Getting into the visuals and physics, you have the grandest treat of all. Every visual aspect is simply marvelous. The environments have great depth and detail – no wonder it’s so easy to feel part of the action. Every little action has its own unique animation as well. Each weapon has a realistic reloading sequence as well as when swapped out or put away. Vaulting over obsticles has a clean and smooth sequence, not to mention when climbing up a ladder – holstering your weapon, gripping the ladder and the hands making the realistic climbing motions while the screen weaves with the action, then stepping up at the top and readying your weapon once again. Even when running; the simple tucking back your weapon and increasing speed isn’t enough, it even adds a fine-grain filter to give you the actual feel of increased speed. The weapon firing sequences are done very well with engaging light and recoil simulation. Explosions occur not only with the momentary fire, but with realistic smoke emerging and floating off. The ricochet of ammunition is done perfectly with realistic dirt puffs and metallic sparks. All that and the cutscenes are done extraordinarily well in nearly flawless CGI instead of simply using the game engine. You get the idea – everything visual is GOOD.

Sounds and voices are done nearly as well as the sights. The voice cast is irregularly well, providing an entertaining and motivating storyline with just the character dialogue alone, including the voices of Ronny Cox, Sean Pertwee and Tom Clarke Hill. The script is witty and intelligent, boasting some memorable phrases such as Pertwee’s and Hill’s characters’ line; “Even a monkey will write Shakespeare given enough time,” “What the f@#k is a Shakespeare?” The characters and sound in general are grungy and provide solid background to the environment and gameplay. Some ambiences are done off-beat though, as is noticeable towards the end when going from outside into a building, giving you a sudden, awkward switch from mountain winds to the droning hum of mechanical devices. Yet the sound effects tend to make up for this, especially in the sharp whisps and ricochets of enemy ammunition missing you, giving you a very engaging sensation in the action.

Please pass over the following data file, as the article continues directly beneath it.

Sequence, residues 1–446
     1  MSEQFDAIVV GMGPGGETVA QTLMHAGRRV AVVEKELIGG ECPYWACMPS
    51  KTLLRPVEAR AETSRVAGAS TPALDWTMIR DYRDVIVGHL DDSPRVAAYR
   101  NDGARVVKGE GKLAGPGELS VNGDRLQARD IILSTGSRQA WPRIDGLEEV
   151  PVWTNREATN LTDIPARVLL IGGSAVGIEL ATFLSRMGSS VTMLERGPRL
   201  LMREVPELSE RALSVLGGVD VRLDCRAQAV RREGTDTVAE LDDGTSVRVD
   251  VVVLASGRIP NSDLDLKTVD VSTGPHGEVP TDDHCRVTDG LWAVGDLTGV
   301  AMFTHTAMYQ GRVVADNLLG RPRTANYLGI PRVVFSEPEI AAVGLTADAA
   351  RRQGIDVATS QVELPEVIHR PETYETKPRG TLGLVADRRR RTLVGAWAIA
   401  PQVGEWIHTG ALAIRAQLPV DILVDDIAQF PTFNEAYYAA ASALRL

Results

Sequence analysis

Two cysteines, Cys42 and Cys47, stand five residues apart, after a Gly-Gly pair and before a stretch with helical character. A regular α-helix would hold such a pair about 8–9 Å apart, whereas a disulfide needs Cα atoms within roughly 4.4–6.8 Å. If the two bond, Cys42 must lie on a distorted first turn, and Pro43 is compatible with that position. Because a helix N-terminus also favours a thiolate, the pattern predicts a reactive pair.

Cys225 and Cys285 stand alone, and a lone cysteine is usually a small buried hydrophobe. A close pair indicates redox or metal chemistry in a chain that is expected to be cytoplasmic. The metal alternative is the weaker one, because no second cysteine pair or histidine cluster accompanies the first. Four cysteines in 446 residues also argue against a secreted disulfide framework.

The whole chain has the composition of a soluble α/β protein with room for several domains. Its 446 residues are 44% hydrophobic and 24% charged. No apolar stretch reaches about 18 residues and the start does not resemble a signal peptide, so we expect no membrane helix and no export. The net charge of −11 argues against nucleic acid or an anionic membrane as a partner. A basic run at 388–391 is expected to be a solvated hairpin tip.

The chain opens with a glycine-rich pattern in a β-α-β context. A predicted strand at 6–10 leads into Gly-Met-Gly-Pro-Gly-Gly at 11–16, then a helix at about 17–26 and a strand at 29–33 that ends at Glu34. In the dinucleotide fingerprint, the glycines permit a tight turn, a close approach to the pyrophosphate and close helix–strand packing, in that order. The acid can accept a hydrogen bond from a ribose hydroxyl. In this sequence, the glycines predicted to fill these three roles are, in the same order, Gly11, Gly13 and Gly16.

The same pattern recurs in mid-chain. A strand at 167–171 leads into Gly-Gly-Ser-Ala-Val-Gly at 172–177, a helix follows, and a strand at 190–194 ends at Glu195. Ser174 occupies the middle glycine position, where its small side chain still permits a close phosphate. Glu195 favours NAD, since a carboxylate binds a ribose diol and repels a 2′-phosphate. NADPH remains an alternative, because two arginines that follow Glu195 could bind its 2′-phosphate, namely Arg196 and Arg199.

The AI is far above average. Enemies that acknowledge you will take very intelligent strategic measures in pinning you down, wearing you out and blitzing you altogether. Though when pinned down themselves, the enemy shows an exceptionally cautious nature when taking cover during your fire and coming out to provide covering fire for teammates (to which they’ll verbally shout “Covering fire!”), take aimed shots at you or advance to either you or a closer position for cover. And obviously if they do that much, they will also strategically respond to a grenade and scatter. The AI is also evident in verbal shouts during firefights, as not only the enemy will be heard shouting their intentions in killing you, your own teammates will signal covering fire, incoming grenades and often the presence of Helghast troops nearby (“Keep quiet,” “Keep out of sight,” “Hold your fire,” etc.).

The enemies and weapons themselves are also on a flawless template. Though it’s not as easy to tell an enemy’s difficulty as the same enemies in different colors, you’ll be able to look at one Helghast and say, “Okay, that guy definitely looks more brute than the last one…” The weapons they hold is in no particular association to their class, either. A certain troop type can be seen with the typical assault rifle, the larger machine-gun, a pistol, grenade launcher, grenade pistol or even a hand-held field cannon (very nifty). The weapons are incredibly detailed and varied in power, ammo capacity, recoil intensity and accuracy. From the accurate and surprisingly powerful ISA pistol to the massive chaingun used by Sergeant Rico, the arsenal is vast and exciting to collect and try. This makes for a very good multiplayer experience.

All aspects considered, I give KillZone a deserving 9.2/10 rating. I’m no solid fan of shooters, but this title gripped me and wouldn’t let go. If you can stand an intense, realistic battle experience, KillZone is the game for you.